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National Trust hosts intimate screening of “Saving the Blues”

Environment 15 May, 2024 Follow News

National Trust hosts intimate screening of “Saving the Blues”

Members of the National Trust hosted an intimate screening this week of ‘Saving the Blues’ a film produced by the Cayman Islands Government Office in the UK, and which first aired during London Climate Action Week 2023. A small group of 50 invited guests, who were also able to sample Blue Iguana gin cocktails during the evening, which included Her Excellency Governor Jane Owen, Deputy Premier Andre Ebanks and Minister of Sustainability and Climate Resiliency Katherine Ebanks-Wilks.

“Saving the Blues” chronicles the inspiring journey of Fred Burton, a young British Scientist, who dedicated himself to the monumental task of saving the blue iguana, a virtually prehistoric creature endemic to Grand Cayman. The documentary highlights the critical conservation efforts led by Fred Burton, the Department of Environment, and the National Trust for the Cayman Islands, which resulted in the recovery of the blue iguana species from critically endangered to endangered status. Presented by Dr Tasha Ebanks Garcia, Representative to the UK for the Cayman Islands and featuring interviews with Fred Burton, team members from the Blue Iguana Conservation Facility, and global thought leaders, the film underscores the importance of preserving planetary species from a biodiversity perspective.

The keynote speaker for the evening was Ian Redmond OBE, a distinguished wildlife biologist and conservationist, who is currently on island attending screenings of the film and visiting schools. With over 45 years of experience in wildlife conservation, Ian is renowned for his work with great apes and elephants, spanning research, filming, tourism, and conservation advocacy. His impactful contributions to environmental conservation have earned him international recognition and respect.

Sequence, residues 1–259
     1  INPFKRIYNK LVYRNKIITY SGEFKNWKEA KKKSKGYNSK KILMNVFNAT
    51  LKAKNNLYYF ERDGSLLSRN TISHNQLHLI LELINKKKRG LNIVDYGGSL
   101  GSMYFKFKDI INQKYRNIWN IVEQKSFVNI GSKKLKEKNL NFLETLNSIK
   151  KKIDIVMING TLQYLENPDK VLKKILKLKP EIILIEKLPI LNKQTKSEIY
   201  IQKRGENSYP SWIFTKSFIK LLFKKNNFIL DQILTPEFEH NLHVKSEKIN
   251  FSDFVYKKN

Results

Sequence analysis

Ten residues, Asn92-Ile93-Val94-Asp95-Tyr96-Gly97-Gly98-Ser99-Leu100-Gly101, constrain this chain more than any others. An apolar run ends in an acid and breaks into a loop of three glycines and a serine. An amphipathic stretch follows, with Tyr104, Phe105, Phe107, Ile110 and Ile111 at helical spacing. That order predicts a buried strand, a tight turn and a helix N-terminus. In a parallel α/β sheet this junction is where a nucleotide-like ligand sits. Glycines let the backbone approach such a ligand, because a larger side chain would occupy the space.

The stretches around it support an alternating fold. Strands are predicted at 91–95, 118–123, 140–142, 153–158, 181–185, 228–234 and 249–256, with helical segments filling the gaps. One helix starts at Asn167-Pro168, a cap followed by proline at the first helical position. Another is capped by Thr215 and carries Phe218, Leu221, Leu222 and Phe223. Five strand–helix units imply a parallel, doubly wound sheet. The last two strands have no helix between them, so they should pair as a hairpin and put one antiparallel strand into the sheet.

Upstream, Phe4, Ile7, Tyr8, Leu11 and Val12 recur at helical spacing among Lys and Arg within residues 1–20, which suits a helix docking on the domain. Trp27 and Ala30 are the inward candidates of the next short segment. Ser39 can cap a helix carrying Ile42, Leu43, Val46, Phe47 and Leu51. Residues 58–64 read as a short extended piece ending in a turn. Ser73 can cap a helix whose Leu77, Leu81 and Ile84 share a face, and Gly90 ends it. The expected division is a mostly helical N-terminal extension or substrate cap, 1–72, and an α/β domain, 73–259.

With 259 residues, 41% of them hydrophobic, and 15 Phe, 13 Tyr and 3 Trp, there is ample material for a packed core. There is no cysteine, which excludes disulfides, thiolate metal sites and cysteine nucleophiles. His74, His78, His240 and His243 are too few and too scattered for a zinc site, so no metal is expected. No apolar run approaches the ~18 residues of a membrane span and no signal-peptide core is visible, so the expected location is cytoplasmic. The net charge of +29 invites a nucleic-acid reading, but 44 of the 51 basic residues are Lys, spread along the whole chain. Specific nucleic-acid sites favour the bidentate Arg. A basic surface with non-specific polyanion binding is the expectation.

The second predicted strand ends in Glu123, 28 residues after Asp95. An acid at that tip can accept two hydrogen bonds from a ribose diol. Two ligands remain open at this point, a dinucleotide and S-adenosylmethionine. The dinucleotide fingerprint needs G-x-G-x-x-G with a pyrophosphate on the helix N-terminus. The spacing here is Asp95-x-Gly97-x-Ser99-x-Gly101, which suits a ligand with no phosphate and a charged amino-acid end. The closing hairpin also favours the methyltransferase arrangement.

Ian Redmond spoke eloquently about the similarities between Diane Fossey saving the critically endangered Mountain Gorillas and the Cayman Islands’ rescue of the Blue Iguana. He explained that everything is connected and if we look after our indigenous species we are not only saving them, but through their very existence the iguanas propagate indigenous plants by spreading seeds and in this way help to maintain the environments in which they and many other creatures thrive. He stressed the value of our remaining areas of virgin forest and wetlands and all the plants and creatures that live in them, who together help sustain each other in balance to make our beautiful beaches, crystal clear waters, corals and sea life.

Following the screening of Saving the Blues, there followed a lively and engaging Q&A panel session featuring Ian Redmond, Fred Burton and Sangeeta Laudus (co-producer of Saving the Blues and interviewer featured in the documentary). Other speakers of the evening included Melanie Carmichael, Chair of the National Trust Council and Frank Roulstone, Director of the National Trust.

Ian Redmond has been visiting schools all this week and will address a free to the public screening of ‘Saving the Blues’ event to celebrate International Blue Iguana Day at The Ritz-Carlton, Andiamo at 6:30pm this evening (Wednesday 8 May).


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